Company discovered it was hacked after a server ran out of free space

Hacker was detected after creating a giant archive file that took up all the free disk space. Had been inside the company's network for almost two years, undetected.

Database table with server storage and network in datacenter background

Database table with server storage and network in datacenter background

Getty Images/iStockphoto

A Utah-based IT company found out it was hacked only after it received an alert about one of its servers running out of free disk space.

The hack impacted InfoTrax Systems, a US company based in Orem, Utah, that provides hosted applications for multi-level marketers (MLMs).

Companies rent access on InfoTrax servers so they can manage MLM operations, and store data on customers and employees, using InfoTrax's applications.

In 2016, the company announced a security breach during which a hacker stole the personal details of around one million users. Following tips that the company had failed to secure its servers, the Federal Trade Commission (FTC) started an investigation into the hack.

According to an FTC complaint at the time, the hacker exploited a vulnerability in InfoTrax's websites to upload a malicious code that enabled remote control of the company's website and adjacent server infrastructure.

Per the FTC, the hacker maintained access to InfoTrax's servers for almost two years, between May 2014 and March 2016, during which time they accessed the company's network on at least 17 different occasions.

InfoTrax failed to detect these intrusions. The FTC said the company did not have proper security systems in place to detect unauthorized access and file modifications. It was, however, alerted of something wrong when one of its servers ran out of disk space, on March 7, 2016.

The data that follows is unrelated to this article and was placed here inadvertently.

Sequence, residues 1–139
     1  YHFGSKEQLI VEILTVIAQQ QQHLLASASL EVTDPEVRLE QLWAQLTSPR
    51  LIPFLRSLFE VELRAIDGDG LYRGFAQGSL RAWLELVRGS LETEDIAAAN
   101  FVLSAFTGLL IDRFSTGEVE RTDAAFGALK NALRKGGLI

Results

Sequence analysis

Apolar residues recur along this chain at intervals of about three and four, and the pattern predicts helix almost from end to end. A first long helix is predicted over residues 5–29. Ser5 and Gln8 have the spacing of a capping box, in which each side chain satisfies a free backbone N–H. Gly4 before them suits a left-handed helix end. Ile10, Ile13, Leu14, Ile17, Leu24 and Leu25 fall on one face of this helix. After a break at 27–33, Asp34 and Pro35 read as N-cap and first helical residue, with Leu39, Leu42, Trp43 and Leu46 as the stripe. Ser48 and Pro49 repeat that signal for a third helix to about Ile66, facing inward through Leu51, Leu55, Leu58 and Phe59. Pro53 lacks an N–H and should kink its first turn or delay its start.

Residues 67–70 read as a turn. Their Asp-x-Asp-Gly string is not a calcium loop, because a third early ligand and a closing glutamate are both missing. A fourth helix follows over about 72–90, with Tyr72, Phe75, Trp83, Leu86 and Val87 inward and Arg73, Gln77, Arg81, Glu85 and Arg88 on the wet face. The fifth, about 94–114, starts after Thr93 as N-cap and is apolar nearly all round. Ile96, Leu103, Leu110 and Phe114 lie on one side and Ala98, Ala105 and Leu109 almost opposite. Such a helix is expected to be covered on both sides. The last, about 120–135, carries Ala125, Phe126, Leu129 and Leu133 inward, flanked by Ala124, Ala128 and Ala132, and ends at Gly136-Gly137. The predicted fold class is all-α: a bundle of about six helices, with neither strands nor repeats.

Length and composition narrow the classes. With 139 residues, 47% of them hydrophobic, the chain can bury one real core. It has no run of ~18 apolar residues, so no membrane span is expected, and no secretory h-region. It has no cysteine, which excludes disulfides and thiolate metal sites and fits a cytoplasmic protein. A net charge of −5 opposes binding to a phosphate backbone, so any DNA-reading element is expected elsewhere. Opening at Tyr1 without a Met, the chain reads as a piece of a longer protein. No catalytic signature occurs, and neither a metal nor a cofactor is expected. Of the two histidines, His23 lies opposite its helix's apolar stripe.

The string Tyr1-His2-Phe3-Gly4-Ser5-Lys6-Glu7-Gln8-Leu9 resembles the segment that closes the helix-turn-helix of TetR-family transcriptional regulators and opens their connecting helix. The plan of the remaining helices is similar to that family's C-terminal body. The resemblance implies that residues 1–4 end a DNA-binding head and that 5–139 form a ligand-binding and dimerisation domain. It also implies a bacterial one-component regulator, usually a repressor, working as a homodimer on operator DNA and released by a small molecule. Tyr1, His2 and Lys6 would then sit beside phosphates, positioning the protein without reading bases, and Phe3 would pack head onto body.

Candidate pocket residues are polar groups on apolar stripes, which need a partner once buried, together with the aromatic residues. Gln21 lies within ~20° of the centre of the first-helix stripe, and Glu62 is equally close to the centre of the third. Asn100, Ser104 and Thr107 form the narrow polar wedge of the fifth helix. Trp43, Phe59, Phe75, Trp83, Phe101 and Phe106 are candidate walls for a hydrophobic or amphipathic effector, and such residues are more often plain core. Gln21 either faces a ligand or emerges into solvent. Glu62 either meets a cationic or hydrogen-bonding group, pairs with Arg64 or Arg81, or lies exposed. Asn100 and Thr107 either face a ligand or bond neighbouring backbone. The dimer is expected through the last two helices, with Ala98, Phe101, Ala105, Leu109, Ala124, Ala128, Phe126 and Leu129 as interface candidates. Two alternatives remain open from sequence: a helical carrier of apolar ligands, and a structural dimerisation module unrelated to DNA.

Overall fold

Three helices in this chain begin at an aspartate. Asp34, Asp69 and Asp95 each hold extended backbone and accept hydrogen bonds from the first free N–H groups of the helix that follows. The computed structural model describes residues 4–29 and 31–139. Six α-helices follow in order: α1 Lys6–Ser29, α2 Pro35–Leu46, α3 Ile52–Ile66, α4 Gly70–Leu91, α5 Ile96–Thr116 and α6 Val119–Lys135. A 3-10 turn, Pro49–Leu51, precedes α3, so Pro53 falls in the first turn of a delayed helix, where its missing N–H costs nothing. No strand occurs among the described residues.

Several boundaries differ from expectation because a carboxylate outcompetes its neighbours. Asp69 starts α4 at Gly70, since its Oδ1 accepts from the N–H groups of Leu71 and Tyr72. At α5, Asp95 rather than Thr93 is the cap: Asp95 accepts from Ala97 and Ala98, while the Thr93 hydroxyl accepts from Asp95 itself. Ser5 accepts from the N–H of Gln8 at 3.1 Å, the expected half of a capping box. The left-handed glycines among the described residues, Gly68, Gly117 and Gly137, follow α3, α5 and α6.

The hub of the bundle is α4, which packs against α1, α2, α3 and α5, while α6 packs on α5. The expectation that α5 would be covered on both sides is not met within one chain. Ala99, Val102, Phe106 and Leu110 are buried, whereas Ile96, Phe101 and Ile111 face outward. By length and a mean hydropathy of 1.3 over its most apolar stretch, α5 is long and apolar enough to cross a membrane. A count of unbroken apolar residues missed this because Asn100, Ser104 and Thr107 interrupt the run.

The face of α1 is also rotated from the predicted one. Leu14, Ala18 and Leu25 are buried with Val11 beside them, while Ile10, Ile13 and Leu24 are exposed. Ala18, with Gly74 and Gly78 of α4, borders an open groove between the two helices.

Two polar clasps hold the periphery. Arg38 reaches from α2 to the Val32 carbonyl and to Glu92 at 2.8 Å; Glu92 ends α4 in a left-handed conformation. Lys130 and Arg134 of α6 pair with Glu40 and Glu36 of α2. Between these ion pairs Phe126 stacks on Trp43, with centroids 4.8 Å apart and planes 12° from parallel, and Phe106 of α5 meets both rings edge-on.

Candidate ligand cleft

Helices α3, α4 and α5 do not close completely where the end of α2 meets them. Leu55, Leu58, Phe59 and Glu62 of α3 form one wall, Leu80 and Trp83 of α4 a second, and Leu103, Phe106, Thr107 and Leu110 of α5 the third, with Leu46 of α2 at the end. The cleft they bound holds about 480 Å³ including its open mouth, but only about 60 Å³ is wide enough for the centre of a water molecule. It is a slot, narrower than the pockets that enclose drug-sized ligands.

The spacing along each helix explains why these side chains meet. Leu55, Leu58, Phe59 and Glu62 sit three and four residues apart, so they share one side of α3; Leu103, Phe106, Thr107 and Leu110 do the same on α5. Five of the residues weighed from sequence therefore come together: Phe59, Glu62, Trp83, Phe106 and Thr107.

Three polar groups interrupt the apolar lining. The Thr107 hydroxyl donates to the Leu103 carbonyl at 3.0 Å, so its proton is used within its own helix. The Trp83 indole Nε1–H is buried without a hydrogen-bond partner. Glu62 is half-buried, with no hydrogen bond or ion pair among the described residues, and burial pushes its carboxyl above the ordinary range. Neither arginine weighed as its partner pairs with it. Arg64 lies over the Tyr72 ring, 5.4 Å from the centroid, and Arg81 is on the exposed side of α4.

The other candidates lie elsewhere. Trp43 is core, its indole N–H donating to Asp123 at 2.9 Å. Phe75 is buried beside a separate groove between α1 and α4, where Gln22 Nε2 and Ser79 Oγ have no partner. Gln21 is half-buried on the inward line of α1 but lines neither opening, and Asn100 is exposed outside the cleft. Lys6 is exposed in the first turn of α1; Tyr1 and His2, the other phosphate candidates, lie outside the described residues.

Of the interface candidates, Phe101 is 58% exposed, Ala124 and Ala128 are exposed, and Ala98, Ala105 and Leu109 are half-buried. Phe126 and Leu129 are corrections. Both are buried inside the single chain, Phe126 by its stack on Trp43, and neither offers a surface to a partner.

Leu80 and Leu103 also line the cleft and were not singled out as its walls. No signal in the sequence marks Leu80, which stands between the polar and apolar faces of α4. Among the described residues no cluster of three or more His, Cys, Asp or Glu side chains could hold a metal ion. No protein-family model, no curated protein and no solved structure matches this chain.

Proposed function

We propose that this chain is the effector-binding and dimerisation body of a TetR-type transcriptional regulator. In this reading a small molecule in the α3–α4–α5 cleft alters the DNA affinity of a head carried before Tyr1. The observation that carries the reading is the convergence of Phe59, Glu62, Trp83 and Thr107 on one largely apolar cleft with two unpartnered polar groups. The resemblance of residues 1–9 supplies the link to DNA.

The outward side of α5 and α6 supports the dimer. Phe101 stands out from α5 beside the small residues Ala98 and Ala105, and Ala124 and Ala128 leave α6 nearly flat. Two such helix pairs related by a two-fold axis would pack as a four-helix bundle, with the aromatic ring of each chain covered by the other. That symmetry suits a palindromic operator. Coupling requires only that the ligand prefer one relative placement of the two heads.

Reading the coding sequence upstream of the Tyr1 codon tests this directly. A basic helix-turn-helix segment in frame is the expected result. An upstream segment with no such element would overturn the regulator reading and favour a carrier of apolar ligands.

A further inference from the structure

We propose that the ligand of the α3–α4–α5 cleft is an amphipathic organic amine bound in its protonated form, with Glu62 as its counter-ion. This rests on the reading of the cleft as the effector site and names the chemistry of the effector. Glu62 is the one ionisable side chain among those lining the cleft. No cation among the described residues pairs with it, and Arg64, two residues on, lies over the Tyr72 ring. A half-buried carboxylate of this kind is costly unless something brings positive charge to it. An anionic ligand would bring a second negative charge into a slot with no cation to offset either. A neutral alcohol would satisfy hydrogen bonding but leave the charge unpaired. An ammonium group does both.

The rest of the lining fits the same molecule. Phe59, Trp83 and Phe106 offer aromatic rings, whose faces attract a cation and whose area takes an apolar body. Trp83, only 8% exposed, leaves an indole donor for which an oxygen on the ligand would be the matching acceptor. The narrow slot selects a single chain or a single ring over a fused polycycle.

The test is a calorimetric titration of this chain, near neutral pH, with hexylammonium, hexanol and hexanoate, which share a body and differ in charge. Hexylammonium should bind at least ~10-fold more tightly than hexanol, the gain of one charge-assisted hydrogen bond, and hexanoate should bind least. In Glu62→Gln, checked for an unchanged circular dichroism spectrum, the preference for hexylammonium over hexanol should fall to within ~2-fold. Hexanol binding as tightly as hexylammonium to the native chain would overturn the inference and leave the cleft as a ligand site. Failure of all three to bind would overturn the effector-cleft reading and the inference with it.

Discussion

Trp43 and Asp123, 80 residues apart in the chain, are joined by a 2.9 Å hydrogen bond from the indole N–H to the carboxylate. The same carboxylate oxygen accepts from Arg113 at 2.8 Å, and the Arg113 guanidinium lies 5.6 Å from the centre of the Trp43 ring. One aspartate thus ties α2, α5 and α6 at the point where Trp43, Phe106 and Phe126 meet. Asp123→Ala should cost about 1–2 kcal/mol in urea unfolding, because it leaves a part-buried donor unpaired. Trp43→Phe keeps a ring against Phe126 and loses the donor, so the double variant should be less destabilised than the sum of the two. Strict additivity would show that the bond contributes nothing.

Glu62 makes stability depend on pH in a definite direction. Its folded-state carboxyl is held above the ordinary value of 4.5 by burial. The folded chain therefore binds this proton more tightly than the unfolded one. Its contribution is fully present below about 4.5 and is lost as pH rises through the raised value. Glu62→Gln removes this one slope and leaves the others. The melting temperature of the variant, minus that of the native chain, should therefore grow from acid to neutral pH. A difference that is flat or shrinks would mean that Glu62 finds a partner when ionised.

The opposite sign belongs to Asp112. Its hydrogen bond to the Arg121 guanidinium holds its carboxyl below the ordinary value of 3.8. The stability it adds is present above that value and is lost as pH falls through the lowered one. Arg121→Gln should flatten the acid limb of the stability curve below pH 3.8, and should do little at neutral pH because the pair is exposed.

A subsequent investigation revealed that the hacker -- while gathering data from InfoTrax's servers -- had created "a data archive file that had grown so large that the disk ran out of space," the FTC said.

In total, the hacker made off with around one million user records from multiple InfoTrax customers -- from the company's total of 11.8 million user details it was storing on its servers at the time.

The theft was aided by the fact that InfoTrax was storing customer data in cleartext. Stolen information included Social Security numbers, payment card information, bank account information, and user names and passwords.

This week, the FTC and InfoTrax agreed to a settlement according to which the Utah-based company would implement the security measures that led to the 2016 security breach. The settlement obliges InfoTrax to:

  • inventory and delete personal information it no longer needs;
  • conduct code review of its software and testing of its network;
  • detect malicious file uploads;
  • adequately segment its network; and
  • implement cybersecurity safeguards to detect unusual activity on its network.

In a press release published following the announcement of the FTC settlement, InfoTrax said it already implemented many of these security measures, even before the FTC ruling.